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EDITORIAL: Challenge for Hibiscus Festival organisers

As the Hibiscus Festival in Suva comes to a close today, there are issues that the organising committee members will have to deal with. But one thing they have no
22 Aug 2015 11:37
EDITORIAL: Challenge for Hibiscus Festival organisers
Nemani-Delaibatiki

As the Hibiscus Festival in Suva comes to a close today, there are issues that the organising committee members will have to deal with.

But one thing they have no control with is the weather which turned the festival grounds at the Carpenters Foreshore into a mud field.

The chorus of complaints from stall operators is understandable.

Compared to last year at Albert Park, this year’s is a financial disaster for many operators.

There were operators wanting a refund of their $3000 stall fee because people stayed away in large numbers.

People did not want to be bogged down in the mud and could not be bothered going to the festival. The typical Suva rain turned the festival grounds into a sea of mud.

Organisers  could have poured sand to provide a dry surface.  Last year it rained too although not much like this year.  But the surface used by people was hard.

Rain has always been associated with the festival in August. For some reason it usually rains at this time of the year. We may put it to climate change or other causes, we all know that come August it is inevitable it will rain.

We have had some fine weather in the past festivals. But they were few and far between.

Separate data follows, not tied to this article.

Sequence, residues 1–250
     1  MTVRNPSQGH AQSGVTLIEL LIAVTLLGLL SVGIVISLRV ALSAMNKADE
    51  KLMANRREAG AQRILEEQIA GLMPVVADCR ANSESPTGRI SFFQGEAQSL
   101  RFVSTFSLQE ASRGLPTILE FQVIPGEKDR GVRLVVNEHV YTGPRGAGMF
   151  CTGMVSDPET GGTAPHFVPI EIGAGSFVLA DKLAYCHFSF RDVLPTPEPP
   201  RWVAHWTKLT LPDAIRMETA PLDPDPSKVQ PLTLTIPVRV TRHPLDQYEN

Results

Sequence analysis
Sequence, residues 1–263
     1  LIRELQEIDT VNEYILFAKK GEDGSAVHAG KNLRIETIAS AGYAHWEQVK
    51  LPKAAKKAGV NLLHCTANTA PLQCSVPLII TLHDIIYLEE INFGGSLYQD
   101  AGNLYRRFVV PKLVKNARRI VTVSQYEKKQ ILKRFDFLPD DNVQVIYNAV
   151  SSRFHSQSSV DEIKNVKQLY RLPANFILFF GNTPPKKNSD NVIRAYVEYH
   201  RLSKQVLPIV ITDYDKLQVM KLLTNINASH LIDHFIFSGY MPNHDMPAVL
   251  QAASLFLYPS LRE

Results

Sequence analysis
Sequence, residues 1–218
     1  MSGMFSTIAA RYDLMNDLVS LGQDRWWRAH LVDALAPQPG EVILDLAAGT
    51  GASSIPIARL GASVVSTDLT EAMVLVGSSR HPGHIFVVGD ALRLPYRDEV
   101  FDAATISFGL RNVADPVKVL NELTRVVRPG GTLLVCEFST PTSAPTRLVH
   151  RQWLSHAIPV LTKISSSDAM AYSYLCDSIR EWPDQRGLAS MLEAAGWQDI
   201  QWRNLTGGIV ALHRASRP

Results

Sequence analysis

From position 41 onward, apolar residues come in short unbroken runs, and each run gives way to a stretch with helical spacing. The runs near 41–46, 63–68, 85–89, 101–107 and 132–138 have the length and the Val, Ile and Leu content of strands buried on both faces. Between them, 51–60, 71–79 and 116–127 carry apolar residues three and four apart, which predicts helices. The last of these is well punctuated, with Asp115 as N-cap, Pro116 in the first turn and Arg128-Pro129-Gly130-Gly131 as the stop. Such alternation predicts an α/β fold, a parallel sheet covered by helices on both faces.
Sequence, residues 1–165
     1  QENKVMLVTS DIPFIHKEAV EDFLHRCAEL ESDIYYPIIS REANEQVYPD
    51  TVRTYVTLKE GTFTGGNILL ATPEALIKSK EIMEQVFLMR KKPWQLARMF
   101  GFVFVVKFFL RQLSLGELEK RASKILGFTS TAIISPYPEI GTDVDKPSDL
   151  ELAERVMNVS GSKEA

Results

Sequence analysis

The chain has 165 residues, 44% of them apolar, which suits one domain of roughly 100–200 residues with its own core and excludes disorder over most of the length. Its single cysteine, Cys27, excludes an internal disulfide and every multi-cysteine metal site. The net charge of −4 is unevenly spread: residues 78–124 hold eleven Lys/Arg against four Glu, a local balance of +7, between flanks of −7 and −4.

If organisers want people’s support to continue they must look at the following options:

  • Given that we cannot control the weather, there should be a plan B to ensure that the surface is reasonably solid underfoot.
  • If we cannot do this, then an alternative ground needs to be found
  • Last but not least is changing the dates for a drier month.

The festival could be shifted to the April first term school holidays. It will probably attract more  people because no other major event is happening. Many religious conferences run parallel with the Hibiscus Festival now.

The Methodist Church conference ties up many members in choir competition, a fundraising festival at Furnival Park in Toorak, Suva, and other activities. Thousands attend these conferences.

In April, all these people will focus on one festival. The other option is right after the end of the school year in November. But this gives the crowned Hibiscus queen not enough time to have a breather before preparing for the Miss South Pacific Pageant in December.

The Hibiscus Festival can return to its former glory if the conditions are favourable. Even if it rains people do not have to trudge through ankle-deep mud.

This is the challenge for the organising committee.

Feedback:  nemani.delaibatiki@fijisun.com.fj

 

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